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Trial of Marine pilot may go to jury today
Ashby, portrayed in a courtroom sketch, becomes emotional during his testimony
March 3, 1999
Web posted at: 9:28 a.m. EST (1428 GMT)
CAMP LEJEUNE, North Carolina (CNN) -- Closing arguments began on Wednesday in the court-martial of a Marine pilot accused of killing 20 people in an Italian ski lift accident last year.
The military's case against Capt. Richard Ashby could go to the jury of eight Marine officers as early as the afternoon once the judge gives jurors instructions on the law.
Ashby was at the controls of an EA-6B Prowler when it sliced the cable of a ski gondola on February 3, 1998.
"I can't recall in 20 years of investigating accidents any pilot being held criminally responsible for an accident," said Jeff Edwards, an investigator who worked for the defense team. "I believe he's very worried."
Some relatives of the victims have attended every session of the four-week trial. The U.S. government has flown more relatives here from Europe to be on hand for the closing arguments and jury deliberations.
Only one person took the stand on Tuesday as the trial's testimony phase came to an end.
Robert Duarte, a rebuttal witness for the prosecution, is an expert on some instruments in the jet. He questioned evidence by defense attorneys who claimed the plane's speed was slower than what prosecutors contend.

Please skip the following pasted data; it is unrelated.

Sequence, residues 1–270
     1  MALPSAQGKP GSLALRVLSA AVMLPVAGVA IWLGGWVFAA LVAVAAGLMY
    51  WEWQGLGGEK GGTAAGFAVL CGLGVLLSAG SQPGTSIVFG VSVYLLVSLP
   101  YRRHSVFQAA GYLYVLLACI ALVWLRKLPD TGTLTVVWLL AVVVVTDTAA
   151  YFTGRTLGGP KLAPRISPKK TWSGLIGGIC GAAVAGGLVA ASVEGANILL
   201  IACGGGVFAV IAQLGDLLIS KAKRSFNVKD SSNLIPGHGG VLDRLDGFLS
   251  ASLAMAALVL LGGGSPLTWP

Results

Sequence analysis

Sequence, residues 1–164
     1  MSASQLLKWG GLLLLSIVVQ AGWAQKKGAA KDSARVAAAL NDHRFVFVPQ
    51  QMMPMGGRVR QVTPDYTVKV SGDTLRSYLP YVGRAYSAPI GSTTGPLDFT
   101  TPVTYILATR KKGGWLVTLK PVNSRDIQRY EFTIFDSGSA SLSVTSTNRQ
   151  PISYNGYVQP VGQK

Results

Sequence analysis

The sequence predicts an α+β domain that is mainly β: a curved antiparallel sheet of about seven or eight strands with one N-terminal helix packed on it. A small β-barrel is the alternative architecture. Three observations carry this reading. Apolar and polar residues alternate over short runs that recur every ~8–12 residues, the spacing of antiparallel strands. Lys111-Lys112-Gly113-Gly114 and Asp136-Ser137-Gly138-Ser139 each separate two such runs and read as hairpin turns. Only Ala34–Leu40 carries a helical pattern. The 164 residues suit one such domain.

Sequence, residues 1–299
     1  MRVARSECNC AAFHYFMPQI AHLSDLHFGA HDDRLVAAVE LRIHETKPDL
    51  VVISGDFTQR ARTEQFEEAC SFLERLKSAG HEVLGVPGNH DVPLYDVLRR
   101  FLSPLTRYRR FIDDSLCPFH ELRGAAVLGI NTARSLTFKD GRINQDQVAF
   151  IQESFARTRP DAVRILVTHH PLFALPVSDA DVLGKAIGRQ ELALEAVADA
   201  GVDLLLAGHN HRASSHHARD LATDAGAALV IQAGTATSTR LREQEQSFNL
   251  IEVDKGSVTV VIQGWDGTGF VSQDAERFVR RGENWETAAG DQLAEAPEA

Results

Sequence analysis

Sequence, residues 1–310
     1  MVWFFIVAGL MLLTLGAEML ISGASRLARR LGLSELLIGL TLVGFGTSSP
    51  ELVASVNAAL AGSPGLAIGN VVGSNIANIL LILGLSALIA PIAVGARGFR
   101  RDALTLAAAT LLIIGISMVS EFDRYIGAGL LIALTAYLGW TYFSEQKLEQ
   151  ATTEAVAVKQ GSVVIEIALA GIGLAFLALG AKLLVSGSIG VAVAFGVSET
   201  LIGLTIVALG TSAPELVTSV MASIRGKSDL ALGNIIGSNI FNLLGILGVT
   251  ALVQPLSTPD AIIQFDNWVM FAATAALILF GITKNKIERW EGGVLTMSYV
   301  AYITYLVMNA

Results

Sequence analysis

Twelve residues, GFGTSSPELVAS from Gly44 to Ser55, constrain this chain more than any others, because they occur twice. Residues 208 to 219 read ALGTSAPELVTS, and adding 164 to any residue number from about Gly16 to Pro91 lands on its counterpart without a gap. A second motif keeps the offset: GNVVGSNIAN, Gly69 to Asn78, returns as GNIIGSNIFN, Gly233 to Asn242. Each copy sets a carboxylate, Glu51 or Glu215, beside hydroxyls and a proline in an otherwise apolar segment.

An hour later, the judge, Lt. Col. Robert Nunley, sent the
jury home for the day while he and attorneys for the defense
and prosecution prepare jury instructions.
Ashby, 31, of Mission Viejo, California, is charged with 20
counts of involuntary manslaughter and one count each of
destroying private property, destroying government property,
dereliction of duty and improper flight planning.
He faces a maximum sentence of 206 years in prison if
convicted of all charges.
Marine pilot Capt. Richard Ashby says he had no way of knowing a ski lift cable was strung across his flight path, because it was not marked on the military maps he was given for a low-level training mission on February 3, 1998.
Prosecutors don't dispute that, but say Ashby was still flying too fast and too low when his EA-6B Prowler dove into a valley in mid-afternoon, striking the Mount Cermis ski lift near Cavalese, Italy.
Nineteen skiers and the gondola operator plunged to their deaths.
The plane hit the cable at 370 feet (112 meters) above the ground, more than 600 feet (182 meters) lower than it was supposed to be flying.
Correspondent Tony Clark contributed to this report.
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March 2, 1999
Pilot takes stand in ski lift deaths
February 26, 1999
Defense witnesses: Marine pilot a 'natural'
February 19, 1999
Crew member assumed 'eject position' after Marine jet hit gondola cable
February 18, 1999
Altitude guidelines at issue in Marine pilot court-martial
February 17, 1999
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